We decided to home educate our daughter for a couple of years when she started to disengage from her learning when she was still in primary school.
I did love the argument that we were denying her the opportunity to learn to interact with others. No, if my daughter needed to be teased, bullied, harassed, pushed down stairs, sworn at and ignored to learn how to interact with others we were quite capable of doing this in the comfort of her home,
I also liked the argument that it was important for her 'natural development' and for growing up. There is nothing natural about the school environment. Where else in life are you forced to mix with others based on nothing more than they are approximately the same age and expected to be able to get on with everyone and 'fit in'.
While we would have welcomed contact and support from the LEA, especially as the intention was for her to return within a couple of years, we heard absolutely nothing from them and was left to our own devices.
Returning her to the system was a joy in itself. Only two schools said they had places for her. We arranged a visit to the school with the better reputation first. All the headteacher was interested in was getting our details so she could report us to the LEA. An assumption she would too far behind for them to have the resources to give her the obvious help she would need. At this point beyond us there had been no concern that there might be something underlying causing her problems with others. At the end of her rantings I thanked her and told her that there was no way I would allow my daughter to go to a school with a headteacher so narrow minded and bigoted.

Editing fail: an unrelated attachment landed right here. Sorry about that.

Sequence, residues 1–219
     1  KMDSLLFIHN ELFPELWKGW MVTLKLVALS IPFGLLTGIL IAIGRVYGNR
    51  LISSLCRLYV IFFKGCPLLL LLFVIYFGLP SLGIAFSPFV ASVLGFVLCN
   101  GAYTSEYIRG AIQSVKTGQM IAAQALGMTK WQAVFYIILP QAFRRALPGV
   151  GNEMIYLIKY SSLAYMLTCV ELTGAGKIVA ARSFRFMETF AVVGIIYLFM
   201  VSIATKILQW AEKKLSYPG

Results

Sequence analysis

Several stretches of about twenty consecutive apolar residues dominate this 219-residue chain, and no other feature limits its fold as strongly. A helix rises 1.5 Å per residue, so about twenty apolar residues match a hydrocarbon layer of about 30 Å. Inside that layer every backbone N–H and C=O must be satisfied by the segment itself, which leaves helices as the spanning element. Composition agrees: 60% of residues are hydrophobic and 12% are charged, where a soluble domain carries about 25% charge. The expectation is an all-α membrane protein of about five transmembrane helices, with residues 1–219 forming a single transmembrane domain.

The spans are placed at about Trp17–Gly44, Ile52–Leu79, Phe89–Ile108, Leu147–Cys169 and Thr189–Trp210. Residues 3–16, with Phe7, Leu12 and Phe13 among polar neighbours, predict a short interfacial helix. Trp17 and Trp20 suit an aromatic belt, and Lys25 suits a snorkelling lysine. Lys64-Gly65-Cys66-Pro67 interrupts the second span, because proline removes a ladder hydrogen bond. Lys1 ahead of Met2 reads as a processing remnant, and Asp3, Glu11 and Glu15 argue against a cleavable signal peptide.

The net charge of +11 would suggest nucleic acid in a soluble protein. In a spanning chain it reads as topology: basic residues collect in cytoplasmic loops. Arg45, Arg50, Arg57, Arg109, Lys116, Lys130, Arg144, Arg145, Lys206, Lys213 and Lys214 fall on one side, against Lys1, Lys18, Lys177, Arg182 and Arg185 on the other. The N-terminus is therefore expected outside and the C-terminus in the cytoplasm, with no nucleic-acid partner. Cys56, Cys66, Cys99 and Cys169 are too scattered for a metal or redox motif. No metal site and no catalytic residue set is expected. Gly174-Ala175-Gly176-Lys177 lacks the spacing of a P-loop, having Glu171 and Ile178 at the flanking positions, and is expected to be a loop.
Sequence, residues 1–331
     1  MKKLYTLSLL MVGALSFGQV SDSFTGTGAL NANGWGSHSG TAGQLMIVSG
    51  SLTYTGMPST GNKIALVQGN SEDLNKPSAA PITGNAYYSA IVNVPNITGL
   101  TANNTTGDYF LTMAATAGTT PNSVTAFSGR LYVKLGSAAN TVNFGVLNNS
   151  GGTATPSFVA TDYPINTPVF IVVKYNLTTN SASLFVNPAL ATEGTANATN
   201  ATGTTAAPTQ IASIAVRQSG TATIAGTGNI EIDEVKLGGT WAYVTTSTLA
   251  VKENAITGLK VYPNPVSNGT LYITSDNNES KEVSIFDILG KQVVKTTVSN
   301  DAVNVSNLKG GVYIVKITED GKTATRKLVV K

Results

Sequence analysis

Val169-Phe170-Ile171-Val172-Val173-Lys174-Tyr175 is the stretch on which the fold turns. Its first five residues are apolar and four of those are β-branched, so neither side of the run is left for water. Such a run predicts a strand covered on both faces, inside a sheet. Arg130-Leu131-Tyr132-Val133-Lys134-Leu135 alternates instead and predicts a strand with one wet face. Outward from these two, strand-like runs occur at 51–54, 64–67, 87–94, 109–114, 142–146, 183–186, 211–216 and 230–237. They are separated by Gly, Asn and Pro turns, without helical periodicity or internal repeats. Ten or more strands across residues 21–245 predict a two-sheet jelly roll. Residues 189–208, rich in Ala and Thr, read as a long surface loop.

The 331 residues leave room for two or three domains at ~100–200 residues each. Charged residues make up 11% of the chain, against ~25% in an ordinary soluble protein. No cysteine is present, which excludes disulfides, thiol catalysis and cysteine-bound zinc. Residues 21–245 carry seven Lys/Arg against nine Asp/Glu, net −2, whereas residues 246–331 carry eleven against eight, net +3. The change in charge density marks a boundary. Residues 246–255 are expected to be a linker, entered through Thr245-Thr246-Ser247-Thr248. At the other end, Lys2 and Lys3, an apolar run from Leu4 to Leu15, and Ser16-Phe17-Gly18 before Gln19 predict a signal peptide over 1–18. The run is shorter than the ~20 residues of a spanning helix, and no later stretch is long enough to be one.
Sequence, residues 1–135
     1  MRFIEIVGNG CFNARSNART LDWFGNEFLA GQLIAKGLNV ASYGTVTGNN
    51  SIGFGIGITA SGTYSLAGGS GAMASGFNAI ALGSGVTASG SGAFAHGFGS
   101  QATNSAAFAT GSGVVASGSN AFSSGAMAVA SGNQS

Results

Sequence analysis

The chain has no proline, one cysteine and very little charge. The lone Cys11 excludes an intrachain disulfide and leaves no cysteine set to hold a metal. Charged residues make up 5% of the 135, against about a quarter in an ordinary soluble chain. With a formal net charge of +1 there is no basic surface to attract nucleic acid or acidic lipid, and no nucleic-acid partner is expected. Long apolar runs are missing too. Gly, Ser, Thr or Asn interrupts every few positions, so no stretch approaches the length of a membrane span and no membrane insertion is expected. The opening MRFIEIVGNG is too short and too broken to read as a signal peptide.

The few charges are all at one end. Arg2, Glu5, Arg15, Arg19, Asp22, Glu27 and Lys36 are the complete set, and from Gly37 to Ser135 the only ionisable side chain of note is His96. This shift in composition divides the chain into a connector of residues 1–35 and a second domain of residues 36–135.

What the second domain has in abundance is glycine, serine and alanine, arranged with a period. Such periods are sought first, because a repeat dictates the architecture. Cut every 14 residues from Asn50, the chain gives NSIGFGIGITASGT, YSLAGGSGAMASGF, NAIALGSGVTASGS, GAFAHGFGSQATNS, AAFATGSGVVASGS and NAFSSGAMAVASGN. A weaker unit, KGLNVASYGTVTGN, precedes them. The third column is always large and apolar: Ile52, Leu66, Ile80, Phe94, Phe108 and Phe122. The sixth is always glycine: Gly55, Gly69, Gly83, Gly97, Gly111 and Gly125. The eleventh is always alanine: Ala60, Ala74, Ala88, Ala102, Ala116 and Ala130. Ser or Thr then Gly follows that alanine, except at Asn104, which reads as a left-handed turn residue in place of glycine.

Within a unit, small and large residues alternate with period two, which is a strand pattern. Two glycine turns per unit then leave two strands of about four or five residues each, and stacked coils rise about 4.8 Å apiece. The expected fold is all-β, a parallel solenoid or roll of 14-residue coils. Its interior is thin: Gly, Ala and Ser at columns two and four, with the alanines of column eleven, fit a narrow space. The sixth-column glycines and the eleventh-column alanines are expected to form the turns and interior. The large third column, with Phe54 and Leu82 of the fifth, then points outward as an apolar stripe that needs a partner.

She went to the other school, which was very different and in special measures. It was also thanks to the staff at this school that we learned our daughter had Aspergers. At the end of her primary years she had one of the highest SAT results in the borough. Something I had great joy in informing the head teacher of the other school. Including her 12 GCSEs 3 A levels and First at university. I got to know the headteacher later on through my voluntary work, and while I usually remained civil I never forgot her attitude or the way she spoke of my daughter in front of her.
When her secondary school became an academy we had to sign a home, student, school agreement. I refused to sign it. The agreement said they could keep the children at school for up to an hour after they were due to come home for detention without informing us. I pointed out that the school had been associated with several children being stabbed and our daughter had been chased all the way home on more than one occasion and I would not agree to sign it. I said I would agree to sign if the school agreed to call us and let us know she was being kept in. The change was signed by the head teacher and we signed it. During her GCSE year the English department decided to keep the children behind for an hour everyday for two weeks. My daughter called us and was distraught at this. I told her to attend the class but she would not be there long. I called the head teacher and asked if they had decided to do away with the home contract and had to explain what was going on. My daughter was delighted 15 minutes into the extra lesson the head teacher walked in, told her to go home and the teacher was told to go and see him after the lesson.
There was a little bit of ire towards my daughter about this, but as she pointed out her dad had actually read the agreement and got it changed. It wasn't her fault if their parents just signed the agreement.
Why do schools have to be such hard work?